This is a very useful technique when ideas need to be solicited from the whole group. The normal rule of waiting to speak until the Facilitator recognizes you is suspended and everyone is encouraged to call out ideas to be written by the Scribe for all to see. It is helpful if the atmosphere created is one in which all ideas, no matter how unusual or incomplete, are appropriate and welcomed. This is a situation in which suggestions can be used as catalysts, with ideas building one upon the next, generating very creative possibilities. Avoid evaluating each other's ideas during this time.Read more
If the flow of the meeting is breaking down or if one person or small group seems to be dominating, anyone can call into question the technique being used and suggest an alternative.Read more
Breaking into smaller groups can be very useful. These small groups can be diads or triads or even larger. They can be selected randomly or self-selected. If used well, in a relatively short amount of time all participants have the opportunity to share their own point of view. Be sure to set clear time limits and select a Note-taker for each group. When the larger group reconvenes, the Note-takers relate the major points and concerns of their group. Sometimes, Note-takers can be requested to add only new ideas or concerns and not repeat something already covered in another report. It is also helpful for the scribe to write these reports so all can see the cumulative result and be sure every idea and concern gets on the list.Read more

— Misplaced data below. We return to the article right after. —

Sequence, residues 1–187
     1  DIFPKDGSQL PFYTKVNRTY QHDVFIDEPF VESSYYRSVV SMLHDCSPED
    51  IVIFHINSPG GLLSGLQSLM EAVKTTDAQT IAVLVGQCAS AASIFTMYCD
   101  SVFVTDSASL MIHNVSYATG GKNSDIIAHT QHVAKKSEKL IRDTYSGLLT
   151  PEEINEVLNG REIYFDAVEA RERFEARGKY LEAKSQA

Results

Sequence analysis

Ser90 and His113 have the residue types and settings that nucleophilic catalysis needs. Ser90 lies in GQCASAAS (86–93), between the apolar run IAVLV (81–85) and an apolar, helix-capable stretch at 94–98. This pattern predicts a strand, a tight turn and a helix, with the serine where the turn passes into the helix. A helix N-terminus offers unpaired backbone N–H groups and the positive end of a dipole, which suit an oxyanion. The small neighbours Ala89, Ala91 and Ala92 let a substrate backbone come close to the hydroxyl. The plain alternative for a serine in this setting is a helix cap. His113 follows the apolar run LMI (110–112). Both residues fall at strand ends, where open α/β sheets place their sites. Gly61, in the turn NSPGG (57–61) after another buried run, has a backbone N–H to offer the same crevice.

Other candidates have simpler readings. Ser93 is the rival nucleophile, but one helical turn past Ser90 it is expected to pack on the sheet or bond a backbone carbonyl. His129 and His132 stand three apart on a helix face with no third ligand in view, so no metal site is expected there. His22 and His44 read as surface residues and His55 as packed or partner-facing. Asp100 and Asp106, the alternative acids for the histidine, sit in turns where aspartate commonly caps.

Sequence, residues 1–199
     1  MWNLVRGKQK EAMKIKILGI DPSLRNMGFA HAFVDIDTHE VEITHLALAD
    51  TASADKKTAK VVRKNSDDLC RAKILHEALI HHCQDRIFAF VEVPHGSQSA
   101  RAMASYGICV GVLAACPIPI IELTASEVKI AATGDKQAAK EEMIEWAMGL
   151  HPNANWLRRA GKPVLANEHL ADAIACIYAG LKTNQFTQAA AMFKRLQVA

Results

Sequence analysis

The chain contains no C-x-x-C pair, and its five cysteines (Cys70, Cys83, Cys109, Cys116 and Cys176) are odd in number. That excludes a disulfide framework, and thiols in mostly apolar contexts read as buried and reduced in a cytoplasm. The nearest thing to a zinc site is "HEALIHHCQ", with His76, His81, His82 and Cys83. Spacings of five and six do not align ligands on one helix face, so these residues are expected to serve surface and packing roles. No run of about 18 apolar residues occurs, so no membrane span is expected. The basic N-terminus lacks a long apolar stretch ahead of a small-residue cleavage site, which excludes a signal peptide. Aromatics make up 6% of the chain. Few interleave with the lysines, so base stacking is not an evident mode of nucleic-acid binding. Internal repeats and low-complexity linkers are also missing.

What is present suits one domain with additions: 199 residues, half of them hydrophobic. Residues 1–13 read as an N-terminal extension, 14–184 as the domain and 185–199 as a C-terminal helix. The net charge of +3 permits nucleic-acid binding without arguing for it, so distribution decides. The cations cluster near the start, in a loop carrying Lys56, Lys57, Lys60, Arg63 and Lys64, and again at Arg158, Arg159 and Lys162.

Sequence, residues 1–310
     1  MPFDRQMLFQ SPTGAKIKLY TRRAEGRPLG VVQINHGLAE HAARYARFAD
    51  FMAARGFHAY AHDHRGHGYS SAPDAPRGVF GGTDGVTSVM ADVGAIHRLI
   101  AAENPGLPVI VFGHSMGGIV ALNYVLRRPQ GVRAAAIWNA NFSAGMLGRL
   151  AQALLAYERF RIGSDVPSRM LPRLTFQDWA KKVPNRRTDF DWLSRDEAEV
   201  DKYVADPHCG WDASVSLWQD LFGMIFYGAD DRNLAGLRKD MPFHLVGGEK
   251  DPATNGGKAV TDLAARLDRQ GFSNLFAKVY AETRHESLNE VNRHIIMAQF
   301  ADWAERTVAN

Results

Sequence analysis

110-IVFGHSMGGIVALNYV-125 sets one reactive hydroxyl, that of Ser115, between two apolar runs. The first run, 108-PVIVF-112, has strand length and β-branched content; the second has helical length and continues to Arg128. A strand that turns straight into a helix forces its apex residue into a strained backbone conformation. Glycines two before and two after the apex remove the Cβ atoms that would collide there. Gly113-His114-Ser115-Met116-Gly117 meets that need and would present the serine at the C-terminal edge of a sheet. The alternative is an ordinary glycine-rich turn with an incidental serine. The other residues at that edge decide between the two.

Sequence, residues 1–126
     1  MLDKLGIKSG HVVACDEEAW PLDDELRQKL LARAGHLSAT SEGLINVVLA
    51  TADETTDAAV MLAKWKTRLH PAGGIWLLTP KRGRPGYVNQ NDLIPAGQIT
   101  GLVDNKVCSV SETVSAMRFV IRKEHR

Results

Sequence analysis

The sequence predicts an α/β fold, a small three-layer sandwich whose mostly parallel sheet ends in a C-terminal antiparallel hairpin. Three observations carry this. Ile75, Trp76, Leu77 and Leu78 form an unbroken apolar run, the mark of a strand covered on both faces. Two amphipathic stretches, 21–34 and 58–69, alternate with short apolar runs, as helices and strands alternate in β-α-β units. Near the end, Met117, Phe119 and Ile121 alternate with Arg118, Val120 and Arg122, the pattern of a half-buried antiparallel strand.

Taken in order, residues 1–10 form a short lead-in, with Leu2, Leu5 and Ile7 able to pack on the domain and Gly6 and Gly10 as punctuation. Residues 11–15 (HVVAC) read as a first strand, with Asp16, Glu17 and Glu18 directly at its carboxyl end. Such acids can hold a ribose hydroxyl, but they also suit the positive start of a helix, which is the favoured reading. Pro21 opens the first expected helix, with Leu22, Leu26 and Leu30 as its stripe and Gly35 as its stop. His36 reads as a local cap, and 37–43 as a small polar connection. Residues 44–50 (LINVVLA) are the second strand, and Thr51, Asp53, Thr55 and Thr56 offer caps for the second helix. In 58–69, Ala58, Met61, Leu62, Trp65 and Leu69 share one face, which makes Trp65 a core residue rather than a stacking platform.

With many tools it is important to let people finish what they are saying, or for everyone to get a chance to speak before you add something which was inspired by the things others said. And an important part of transparency work is saying how things others have said impact you, especially if they evoke strong feelings. Crosstalk is where you respond to another person's spoken sharing.
Suggestions for Crosstalk:
- If you are hurt or angry about something said, start your talk with asking if they are ready and willing to hear your feelings ( see: Withholds).
- Be concise and if possible specific
- Talk more about your feelings and less about what you think.
- Use sentences starting with "I..." rather than "You..."- This will help eliminate judgmental statements, which tend to raise defensiveness and are generally recommended to avoid.
- Crosstalk should be about things between you and the person you are responding to regarding things that they have just recently shared with the group.